Monday, February 9, 2009

Joys Of Life

I reached into my upper coat pocket the other day, felt a piece of paper there, and pulled it out, wondering what it was. It was a grocery list I had had while visiting my sister a couple weeks ago. But why would a grocery list give me an instant grin like that? Well, it had something to do with one of the edges, now dry but still shredded, from when my one-year-old nephew had chewed on it while I had pushed him along in the grocery cart at the store. What's funny, too, is I had no idea what he was doing at the time. As I recall, he had reached out for the paper and I had absent-mindedly handed it over. Within minutes, he had the paper soaked and shredded. He is a diligent, focused little guy.

Looking at the piece of paper two days ago, I smiled and felt sad all together. I don't live near him so my visits, though often, are not daily, or weekly, or even monthly. With young children, that consistent contact is so important. As they mature, a phone call works to keep in touch. But the little ones - they love instantly and then are left to wonder at the absence of the person that they have just chosen to love. Truth be told, though, my sister and her husband encompass my nephew with such a sense of love and safety that it is likely that only my heart breaks when it comes time for my visits to end. His heart is fine. This is my fervent wish.

While I was there this last time, and after the grocery store incident, we spontaneously came up with a clapping game. It's the best way to describe it. It evolved when he flipped his hands together and I imitated him. He looked, laughed, studied me. Then he flipped his hands back and forth again, and I imitated him. Well, now, this was magic (I think he thought). If I just do something silly with my hands, I can get this lady with the blonde hair to do it too. This game we played off and on for days. My sis even got it on video. What I loved - absolutely loved - is how he would laugh after each time that he got me to "clap." He laughs like a waterfall, I told my sister. It sounds just like a waterfall....

We played this other game too that I called "Monster." I would growl like a monster and crawl towards him on all fours while he ran to his mom on the couch. Then he would come towards me as I turned my back to him and moved away (pretending that I didn't see him) and then he would just get wide-eyed and giggle and run to his mom as I turned back around to growl and chase after him again. My sister said that the look on his face as he ran to her was one of sheer terror and joy all wrapped up into one. This we did for long periods of time. It required my sister to stay sitting and anchored at the couch so he had a safe place to go when I started chasing him again.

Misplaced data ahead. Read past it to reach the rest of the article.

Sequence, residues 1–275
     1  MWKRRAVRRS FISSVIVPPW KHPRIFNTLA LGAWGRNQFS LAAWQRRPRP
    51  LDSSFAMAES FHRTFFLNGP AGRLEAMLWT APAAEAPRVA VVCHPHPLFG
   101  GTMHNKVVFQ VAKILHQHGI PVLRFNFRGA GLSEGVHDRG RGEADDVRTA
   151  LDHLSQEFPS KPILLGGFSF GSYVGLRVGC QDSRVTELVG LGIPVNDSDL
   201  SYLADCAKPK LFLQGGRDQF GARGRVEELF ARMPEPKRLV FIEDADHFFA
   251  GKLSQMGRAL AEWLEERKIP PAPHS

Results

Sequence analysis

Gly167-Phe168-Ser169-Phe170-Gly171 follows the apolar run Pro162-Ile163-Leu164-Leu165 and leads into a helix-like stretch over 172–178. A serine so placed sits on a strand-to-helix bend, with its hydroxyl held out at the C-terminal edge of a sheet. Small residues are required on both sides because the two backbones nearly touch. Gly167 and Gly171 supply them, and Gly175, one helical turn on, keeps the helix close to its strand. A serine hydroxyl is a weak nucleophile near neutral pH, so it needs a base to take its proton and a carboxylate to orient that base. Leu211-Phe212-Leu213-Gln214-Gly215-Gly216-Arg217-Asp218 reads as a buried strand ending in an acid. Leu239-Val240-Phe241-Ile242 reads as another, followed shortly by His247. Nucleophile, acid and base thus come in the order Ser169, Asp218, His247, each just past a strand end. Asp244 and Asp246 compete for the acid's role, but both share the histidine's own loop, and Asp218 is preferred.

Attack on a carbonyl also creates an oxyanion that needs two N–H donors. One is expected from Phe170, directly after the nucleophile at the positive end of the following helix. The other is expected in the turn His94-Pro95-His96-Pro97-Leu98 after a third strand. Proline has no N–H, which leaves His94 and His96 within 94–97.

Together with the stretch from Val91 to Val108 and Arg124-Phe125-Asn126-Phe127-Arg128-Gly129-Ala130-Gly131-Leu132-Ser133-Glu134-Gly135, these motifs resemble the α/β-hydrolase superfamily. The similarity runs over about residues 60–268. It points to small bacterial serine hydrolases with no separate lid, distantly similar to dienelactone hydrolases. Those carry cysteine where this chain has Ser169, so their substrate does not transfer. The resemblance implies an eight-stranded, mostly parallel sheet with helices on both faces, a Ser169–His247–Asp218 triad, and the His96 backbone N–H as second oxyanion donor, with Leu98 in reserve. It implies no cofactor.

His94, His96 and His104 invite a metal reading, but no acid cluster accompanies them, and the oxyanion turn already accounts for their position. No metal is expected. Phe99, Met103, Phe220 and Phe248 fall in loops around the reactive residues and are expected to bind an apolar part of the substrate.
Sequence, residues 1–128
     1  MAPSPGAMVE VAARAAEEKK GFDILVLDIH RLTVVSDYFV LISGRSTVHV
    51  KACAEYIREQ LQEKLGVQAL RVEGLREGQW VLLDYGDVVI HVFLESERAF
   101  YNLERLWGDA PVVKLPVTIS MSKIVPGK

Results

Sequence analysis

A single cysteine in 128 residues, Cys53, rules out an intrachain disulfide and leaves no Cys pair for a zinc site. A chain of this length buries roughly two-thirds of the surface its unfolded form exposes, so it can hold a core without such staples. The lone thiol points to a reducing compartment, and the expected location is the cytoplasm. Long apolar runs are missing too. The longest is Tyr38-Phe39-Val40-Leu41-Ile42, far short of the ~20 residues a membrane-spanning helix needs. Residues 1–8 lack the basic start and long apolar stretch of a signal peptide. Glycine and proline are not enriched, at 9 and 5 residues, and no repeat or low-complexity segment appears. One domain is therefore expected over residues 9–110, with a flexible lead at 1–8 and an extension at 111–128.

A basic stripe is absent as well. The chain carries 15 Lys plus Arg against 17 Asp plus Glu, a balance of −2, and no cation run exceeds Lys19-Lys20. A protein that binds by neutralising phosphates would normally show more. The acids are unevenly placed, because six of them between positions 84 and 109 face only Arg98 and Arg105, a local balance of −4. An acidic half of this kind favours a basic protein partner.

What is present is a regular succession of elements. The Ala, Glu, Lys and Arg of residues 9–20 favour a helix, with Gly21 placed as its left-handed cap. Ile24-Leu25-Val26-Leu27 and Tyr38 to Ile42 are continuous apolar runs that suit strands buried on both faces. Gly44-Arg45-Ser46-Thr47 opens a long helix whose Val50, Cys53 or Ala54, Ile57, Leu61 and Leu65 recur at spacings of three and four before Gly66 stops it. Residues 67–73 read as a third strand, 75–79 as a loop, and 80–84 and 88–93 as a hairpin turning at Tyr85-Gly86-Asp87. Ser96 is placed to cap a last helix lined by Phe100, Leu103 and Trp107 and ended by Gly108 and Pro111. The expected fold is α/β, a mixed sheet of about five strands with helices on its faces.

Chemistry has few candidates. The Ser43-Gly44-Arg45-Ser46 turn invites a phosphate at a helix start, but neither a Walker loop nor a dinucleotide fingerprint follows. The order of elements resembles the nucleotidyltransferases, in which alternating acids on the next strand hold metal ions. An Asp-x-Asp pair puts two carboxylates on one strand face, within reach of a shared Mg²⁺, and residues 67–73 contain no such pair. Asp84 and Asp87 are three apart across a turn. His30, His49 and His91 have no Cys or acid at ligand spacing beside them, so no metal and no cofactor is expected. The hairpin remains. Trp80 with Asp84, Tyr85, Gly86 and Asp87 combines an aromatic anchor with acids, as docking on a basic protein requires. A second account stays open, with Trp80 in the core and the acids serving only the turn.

And he is the sweetest kid. We decided to show him the Bollinger family tradition of watching a football game on a Sunday. It was the Sunday that the Eagles were playing the Cardinals for the NFC championship. That was why we went to the grocery store, in fact - to buy chips, hamburger patties, hotdogs etc. As I wheeled my nephew around in the grocery cart (and he, apparently, chewed on the grocery list), I kept telling him how exciting the day was going to be. He understood none of it, other than my sheer joy and anticipation. But he gets this idea of joy, so he laughed and got excited too. Oh, and I spelled out "Eagles" for him, too, in true Philadelphia-fan form. ("E-A-G-L-E-S, Eagles!"). I had a convert.

Now, here's the thing. After the Eagles lost (so sad, so sad), and my level of joy had greatly diminished, and we were all eating dinner.... my sister said, "He's trying to cheer you up." I looked up, and it was true. This little boy was swinging his head around, looking goofy, making silly faces, just to get me to smile. And here he was, just 14 months old. What an amazing capacity for compassion he has. I smiled - truly smiled - and he grinned back. He had done it. He had gotten that funny blonde lady to be happy again.

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